Are you trying to feed a toothless horse and running into issues?
Horses who cannot chew their food often miss the essential nutrients to keep them healthy. If you have a dentally impaired or senior horse, you must adjust their feeding and management to ensure they get and absorb nutrients. We’ve covered some tips on feeding the toothless horse.
What is a toothless horse?
When a horse is labeled toothless, it doesn’t necessarily mean they have no teeth. It means they have an impaired ability to chew their food due to several missing teeth. Horses can be missing teeth for many reasons, including cysts or tumors in the horse’s head requiring tooth removal, cracked or infected teeth, and age.
Horses have hypsodont teeth, meaning they are tall and erupt continuously from the gum. The chewing process grinds teeth down, so over time, it’s possible to “run out of teeth.” Adult teeth are about 4 inches, so as your horse ages, it will likely lose its teeth.
Best Feeding Practices for Toothless Horses
Regardless of the number of teeth your horse is missing, it’s essential to know how this impairs chewing and digestion. Horses are foragers, so they need fiber for healthy function. Unfortunately, forage can be difficult for toothless horses. Horses missing their incisors (front teeth) will have difficulty grazing on short or overgrazed pasture. However, if your horse is missing molars, it will have trouble grinding its feed. Not being able to grind down hay or grain properly means they are more predisposed to choking.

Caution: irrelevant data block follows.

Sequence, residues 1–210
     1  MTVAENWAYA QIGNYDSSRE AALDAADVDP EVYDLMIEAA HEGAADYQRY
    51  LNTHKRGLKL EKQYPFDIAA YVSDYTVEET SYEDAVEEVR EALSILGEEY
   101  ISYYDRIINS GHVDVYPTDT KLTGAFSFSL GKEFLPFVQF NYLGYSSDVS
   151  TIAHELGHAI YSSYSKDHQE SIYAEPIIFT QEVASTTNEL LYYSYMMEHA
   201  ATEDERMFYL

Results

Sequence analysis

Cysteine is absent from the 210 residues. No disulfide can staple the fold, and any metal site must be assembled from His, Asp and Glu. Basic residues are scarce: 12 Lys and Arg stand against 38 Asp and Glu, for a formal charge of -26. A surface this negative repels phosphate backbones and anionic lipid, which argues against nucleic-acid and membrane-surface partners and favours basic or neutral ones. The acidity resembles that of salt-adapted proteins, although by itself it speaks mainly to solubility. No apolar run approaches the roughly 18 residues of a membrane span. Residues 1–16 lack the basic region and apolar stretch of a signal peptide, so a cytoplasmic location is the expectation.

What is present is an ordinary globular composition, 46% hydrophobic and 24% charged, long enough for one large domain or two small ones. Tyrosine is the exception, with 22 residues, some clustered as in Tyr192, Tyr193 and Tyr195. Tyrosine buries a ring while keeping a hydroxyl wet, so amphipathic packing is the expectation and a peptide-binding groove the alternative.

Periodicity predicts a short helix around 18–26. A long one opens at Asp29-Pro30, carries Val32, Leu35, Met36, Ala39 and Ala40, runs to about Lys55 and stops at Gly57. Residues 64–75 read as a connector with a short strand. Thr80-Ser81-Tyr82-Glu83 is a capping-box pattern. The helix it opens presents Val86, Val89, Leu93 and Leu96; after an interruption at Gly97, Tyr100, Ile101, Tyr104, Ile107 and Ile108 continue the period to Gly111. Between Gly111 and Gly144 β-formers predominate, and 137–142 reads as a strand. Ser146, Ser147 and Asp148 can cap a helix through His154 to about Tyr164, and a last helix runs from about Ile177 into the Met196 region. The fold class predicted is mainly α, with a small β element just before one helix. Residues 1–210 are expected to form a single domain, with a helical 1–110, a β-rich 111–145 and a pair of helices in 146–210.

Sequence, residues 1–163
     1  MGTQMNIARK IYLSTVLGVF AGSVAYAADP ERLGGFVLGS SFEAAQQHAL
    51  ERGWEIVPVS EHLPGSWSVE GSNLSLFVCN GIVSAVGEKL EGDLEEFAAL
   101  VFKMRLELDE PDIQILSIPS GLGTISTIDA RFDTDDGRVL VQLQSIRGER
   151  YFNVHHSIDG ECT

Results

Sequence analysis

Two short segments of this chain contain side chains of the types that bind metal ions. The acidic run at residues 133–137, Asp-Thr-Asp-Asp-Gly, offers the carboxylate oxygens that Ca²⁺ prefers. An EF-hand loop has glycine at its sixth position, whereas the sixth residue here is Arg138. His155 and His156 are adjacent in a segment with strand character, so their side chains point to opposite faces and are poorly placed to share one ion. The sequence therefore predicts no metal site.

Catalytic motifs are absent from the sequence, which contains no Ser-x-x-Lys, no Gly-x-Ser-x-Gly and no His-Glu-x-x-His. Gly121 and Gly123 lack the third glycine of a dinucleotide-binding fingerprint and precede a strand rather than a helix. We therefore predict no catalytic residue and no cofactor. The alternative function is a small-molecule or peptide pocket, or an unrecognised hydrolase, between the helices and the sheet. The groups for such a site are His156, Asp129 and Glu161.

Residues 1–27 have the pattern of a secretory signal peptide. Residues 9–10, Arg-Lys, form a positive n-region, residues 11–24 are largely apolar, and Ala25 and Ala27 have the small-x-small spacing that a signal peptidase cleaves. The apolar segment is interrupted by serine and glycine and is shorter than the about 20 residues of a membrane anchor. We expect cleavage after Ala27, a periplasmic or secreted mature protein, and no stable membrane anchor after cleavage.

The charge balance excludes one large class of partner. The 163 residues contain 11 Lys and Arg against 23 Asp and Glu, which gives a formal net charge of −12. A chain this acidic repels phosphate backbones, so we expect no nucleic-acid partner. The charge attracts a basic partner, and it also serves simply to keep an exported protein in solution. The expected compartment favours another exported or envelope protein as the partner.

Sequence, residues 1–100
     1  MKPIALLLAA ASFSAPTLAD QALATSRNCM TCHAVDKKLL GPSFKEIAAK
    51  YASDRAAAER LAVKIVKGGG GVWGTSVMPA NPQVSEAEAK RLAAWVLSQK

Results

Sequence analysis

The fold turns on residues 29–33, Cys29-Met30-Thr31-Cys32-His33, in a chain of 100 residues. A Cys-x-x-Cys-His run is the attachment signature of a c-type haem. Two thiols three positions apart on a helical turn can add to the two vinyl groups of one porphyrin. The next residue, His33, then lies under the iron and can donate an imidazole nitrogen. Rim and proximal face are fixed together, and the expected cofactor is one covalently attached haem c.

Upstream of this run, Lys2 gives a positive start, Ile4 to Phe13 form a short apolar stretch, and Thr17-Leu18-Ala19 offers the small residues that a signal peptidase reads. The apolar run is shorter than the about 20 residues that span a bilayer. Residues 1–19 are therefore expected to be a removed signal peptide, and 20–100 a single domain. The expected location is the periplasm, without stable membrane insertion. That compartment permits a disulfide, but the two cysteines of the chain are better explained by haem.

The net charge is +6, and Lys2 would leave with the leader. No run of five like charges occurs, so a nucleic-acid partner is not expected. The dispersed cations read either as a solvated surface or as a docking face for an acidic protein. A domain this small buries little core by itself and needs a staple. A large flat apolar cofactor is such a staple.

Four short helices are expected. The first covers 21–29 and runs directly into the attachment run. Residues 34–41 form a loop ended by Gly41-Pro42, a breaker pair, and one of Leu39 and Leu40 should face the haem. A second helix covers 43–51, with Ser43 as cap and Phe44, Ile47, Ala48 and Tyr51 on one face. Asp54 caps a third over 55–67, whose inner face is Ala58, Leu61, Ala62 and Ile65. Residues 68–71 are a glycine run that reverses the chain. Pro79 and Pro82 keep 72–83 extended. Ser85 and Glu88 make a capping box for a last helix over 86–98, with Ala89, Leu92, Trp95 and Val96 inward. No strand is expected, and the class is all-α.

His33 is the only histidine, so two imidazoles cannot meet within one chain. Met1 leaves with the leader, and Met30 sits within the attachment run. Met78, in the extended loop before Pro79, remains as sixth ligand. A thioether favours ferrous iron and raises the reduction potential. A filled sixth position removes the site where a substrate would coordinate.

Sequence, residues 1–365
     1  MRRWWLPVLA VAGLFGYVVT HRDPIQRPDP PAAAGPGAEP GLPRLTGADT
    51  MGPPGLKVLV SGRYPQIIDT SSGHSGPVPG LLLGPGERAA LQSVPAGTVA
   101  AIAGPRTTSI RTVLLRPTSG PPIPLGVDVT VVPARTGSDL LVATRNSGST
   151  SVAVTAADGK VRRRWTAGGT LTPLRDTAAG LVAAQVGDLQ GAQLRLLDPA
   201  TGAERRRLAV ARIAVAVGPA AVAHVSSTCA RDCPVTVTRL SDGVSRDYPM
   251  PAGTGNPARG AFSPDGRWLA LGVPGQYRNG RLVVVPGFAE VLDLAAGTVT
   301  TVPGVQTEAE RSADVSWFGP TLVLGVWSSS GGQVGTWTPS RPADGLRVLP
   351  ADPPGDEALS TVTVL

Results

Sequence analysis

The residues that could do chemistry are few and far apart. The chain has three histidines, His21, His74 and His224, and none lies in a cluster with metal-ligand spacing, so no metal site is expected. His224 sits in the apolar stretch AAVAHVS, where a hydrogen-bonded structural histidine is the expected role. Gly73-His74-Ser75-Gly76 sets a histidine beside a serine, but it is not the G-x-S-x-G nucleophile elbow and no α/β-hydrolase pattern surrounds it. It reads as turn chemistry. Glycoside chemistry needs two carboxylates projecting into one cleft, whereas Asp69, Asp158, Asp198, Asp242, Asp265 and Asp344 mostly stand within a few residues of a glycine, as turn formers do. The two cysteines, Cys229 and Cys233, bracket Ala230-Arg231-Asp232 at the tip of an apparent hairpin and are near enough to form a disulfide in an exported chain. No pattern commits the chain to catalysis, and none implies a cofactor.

Feeding Grass and Hay
Toothless horses should have free access to pasture or hay. Due to the choking risk, horses with missing molars should not have access to long-stemmed hay or pasture. You can feed hay cubes, pellets, chopped forage, or beat pulp to supplement the missing fiber in their diet.
Grain, pellets, and complete feed are excellent options to improve weight, health, and coat condition for horses with missing teeth. Complete feeds are generally recommended for senior horses with missing teeth because it meets all the nutritional requirements without hay or pasture. They are easy to digest and contain high fiber. Remember to always consult your veterinarian before switching your horse’s feed.
You can make several simple management changes to help a toothless horse. Dividing feed into smaller and more frequent meals can reduce gastric ulcers and digestive upsets.
Feeding Softer Food
Complete feeds are often relatively soft because this reduces chewing at each meal. Feeding softer grains and treats will make it much easier for your horse to chew. Dimples Horse Treats are soft enough for toothless horses to eat easily without discomfort.
If you feed “harder” grains, you can soak them in water to soften them. You can soak both hay and grain in water to break them down. If you are soaking grain, cover it and not soak it for a short period. More extended soaking can lead to bacteria and attracts insects and rodents.